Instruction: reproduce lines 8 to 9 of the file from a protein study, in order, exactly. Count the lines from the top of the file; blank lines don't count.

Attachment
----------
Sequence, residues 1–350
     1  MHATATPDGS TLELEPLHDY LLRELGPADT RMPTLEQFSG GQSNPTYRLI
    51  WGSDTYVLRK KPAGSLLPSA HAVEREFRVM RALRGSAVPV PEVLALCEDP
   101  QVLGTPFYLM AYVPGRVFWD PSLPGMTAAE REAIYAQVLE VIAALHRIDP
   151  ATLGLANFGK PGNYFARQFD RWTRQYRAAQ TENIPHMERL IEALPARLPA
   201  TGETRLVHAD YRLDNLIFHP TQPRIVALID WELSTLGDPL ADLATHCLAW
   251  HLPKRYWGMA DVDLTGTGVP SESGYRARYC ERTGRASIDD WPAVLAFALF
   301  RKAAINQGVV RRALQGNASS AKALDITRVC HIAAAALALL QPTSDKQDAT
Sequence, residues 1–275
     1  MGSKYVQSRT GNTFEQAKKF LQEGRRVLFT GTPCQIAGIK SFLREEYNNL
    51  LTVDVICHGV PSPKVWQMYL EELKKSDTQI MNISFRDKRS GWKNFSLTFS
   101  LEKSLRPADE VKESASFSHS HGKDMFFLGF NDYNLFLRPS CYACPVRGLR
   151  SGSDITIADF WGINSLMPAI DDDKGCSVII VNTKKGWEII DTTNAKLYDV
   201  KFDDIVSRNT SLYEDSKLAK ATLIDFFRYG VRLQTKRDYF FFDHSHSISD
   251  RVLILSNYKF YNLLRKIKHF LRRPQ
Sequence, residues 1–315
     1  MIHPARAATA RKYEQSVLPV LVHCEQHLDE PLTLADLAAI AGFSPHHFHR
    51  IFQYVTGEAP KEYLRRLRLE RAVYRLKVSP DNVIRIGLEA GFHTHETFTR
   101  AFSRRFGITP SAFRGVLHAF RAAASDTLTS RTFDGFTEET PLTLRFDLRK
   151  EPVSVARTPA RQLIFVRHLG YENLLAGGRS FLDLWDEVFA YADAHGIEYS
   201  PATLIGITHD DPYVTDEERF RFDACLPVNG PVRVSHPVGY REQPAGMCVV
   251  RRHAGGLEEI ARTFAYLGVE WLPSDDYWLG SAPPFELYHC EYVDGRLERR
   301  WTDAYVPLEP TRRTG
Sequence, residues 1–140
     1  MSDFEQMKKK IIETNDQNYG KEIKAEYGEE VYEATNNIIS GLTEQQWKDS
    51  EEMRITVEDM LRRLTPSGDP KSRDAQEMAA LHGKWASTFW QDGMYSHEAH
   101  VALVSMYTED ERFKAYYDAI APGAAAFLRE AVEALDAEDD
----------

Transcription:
   301  RKAAINQGVV RRALQGNASS AKALDITRVC HIAAAALALL QPTSDKQDAT
Sequence, residues 1–275